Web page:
Yakovlev Yak-11

Training aircraft introduced in 1946

D FYII Yak 11
photo: Pete Webber

The Yakovlev Yak-11 is a trainer aircraft in service with the Soviet Air Force and other air forces influenced by the Soviets in 1947 up to 1962. Developed and manufactured by Yakovlev Design Bureau, the aircraft was introduced in 1946 and retired in 1962.

1946 to: 1955


1x Shvetsov ASh-21
700 horsepower
Max Cruise Speed:
323 knots
598 Km/h
Approach Speed (Vref):
73 knots
Travel range:
691 Nautical Miles
1,280 Kilometers
Fuel Economy:
Service Ceiling:
26,000 feet
Rate of Climb:
1600 feet / minute
8.13metre / second
Take Off Distance:
Landing Distance:
Max Take Off Weight:
2,482 Kg
5,472 lbs
Max Landing Weight:
Max Payload:
649 Kg
1,431 lbs
Fuel Tank Capacity:
96 gallon
363 litre
Baggage Volume:
Seats - Economy / General:
2 seats
Seats - Business Class:
Seats - First Class:
Cabin Height:
Cabin Width:
Cabin Length:
Exterior Length:
8.2 metre - 26.90 feet
Tail height:
Fuselage Diameter:
1.2 metre - 3.94 feet
Wing Span / Rotor Diameter:
9.4 metre - 30.84 feet
Wing Tips:
no winglets
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In mid-1944, the Yakovlev design bureau started the development work on a new advanced trainer derived from the Yak-3 single-engine fighter, however, the trainer aircraft was of no great priority due to the continuing World War II.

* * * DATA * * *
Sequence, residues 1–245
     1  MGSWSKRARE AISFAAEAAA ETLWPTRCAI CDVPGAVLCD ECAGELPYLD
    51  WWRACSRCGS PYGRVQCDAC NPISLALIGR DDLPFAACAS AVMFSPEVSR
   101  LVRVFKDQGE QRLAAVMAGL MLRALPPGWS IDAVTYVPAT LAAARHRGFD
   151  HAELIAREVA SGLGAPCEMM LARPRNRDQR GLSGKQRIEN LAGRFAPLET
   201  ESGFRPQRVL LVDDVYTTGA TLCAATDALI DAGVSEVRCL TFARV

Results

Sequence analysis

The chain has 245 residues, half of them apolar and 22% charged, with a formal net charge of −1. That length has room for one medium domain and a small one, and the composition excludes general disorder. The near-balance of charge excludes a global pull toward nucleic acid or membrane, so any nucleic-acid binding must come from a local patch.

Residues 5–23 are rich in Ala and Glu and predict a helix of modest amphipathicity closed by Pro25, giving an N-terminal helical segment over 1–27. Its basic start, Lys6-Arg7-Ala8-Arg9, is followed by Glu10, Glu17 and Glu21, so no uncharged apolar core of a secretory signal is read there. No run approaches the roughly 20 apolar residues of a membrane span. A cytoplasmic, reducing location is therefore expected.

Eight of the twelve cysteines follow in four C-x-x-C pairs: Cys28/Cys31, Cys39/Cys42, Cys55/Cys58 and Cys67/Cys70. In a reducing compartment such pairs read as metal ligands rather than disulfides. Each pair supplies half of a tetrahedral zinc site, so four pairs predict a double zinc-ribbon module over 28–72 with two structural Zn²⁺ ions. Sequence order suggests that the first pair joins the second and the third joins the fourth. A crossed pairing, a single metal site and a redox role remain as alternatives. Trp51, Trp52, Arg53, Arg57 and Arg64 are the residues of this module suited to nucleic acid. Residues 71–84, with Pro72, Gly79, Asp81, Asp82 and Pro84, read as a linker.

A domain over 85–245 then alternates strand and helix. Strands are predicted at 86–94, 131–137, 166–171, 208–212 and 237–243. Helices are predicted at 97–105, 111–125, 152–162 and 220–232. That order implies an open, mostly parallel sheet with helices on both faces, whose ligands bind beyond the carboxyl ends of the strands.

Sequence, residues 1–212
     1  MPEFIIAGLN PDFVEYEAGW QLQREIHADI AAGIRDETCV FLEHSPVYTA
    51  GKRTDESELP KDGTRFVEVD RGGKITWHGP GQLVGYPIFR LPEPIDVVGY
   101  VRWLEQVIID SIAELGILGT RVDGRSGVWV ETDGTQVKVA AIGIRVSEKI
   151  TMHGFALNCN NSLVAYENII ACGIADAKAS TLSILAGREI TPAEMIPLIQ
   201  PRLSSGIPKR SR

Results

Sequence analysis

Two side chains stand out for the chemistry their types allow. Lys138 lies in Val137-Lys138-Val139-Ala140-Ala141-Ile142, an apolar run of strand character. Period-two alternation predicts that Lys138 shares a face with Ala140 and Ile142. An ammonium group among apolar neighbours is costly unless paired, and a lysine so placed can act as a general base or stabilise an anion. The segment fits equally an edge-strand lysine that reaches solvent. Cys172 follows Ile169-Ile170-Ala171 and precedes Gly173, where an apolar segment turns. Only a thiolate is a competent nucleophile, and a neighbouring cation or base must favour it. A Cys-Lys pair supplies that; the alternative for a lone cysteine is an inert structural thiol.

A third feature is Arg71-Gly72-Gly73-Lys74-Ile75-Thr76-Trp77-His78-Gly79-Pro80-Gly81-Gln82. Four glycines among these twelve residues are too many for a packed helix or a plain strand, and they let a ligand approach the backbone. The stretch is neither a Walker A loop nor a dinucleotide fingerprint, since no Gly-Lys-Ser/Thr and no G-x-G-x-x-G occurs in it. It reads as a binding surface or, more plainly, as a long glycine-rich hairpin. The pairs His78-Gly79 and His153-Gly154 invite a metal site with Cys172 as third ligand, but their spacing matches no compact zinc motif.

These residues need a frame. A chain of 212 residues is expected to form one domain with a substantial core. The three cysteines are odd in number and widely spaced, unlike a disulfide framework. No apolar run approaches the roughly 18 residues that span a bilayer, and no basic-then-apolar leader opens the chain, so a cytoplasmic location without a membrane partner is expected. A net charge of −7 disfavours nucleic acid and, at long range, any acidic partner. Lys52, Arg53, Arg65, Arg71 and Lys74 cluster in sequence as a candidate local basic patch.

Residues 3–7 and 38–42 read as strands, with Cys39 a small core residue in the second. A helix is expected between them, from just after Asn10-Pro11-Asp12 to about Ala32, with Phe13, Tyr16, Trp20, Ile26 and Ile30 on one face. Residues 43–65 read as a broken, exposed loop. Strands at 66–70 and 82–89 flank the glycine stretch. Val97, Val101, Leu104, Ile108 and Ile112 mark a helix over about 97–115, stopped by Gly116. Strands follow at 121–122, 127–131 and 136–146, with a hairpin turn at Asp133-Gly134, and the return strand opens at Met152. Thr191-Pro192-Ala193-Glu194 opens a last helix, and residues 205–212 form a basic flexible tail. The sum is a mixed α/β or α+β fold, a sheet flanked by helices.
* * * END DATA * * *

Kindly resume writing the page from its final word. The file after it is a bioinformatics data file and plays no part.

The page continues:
In late 1945, the first prototype with the designation Yak-UTI or Yak-3UTI took to the sky for the first time. The prototype was derived on the Yak-3U except for the newly installed Shvetsov Ash-21 seven-cylinder, single-row, air-cooled radial that replaced the former ASh-82 of the Yak-3U. The prototype had a similar all-metal wing structure and a compounded metal and wood structure of the fuselage.

The stretched-out canopy with different sliding hoods accommodates the pilot and the observer in a tandem configuration. The Yak-UTI was armed with a 1×12.77 mm Berezin UB gun synchronizer and two 100 kg of bombs in the wing racks.

In 1946, an enhanced prototype took to the sky, incorporating improved cockpits and a reworked engine being installed on shock-absorbing mounts.

In October 1946, the prototype made it through state testing, and in 1947, it successfully went into production in Saratov and Leningrad factories. Production aircraft weighed more compared to the prototypes and the following batches were equipped with non-retractable conventional landing gears and modified propellers.

The Yak-11 was armed with an optional 7.62 mm ShKAS machine gun as a substitute for the UBS, and others were equipped with rear-vision periscopes located over the windscreen. From 1947 to 1955, a total of 3,859 Yak-11 was produced in the Soviet. The aircraft was also license-built in Czechoslovakia with a total of 707 produced. It was designated as C-11 by Let Kunovice.

The Yak-11 has a maximum speed of 251 knots and a cruise speed of 200 knots. It has a travel range of 691 nautical miles, can fly up to 23,295 feet, and can climb at a rate of 1,600 feet per minute. The maximum takeoff weight is 2,482 kg and the maximum payload is 649 kg.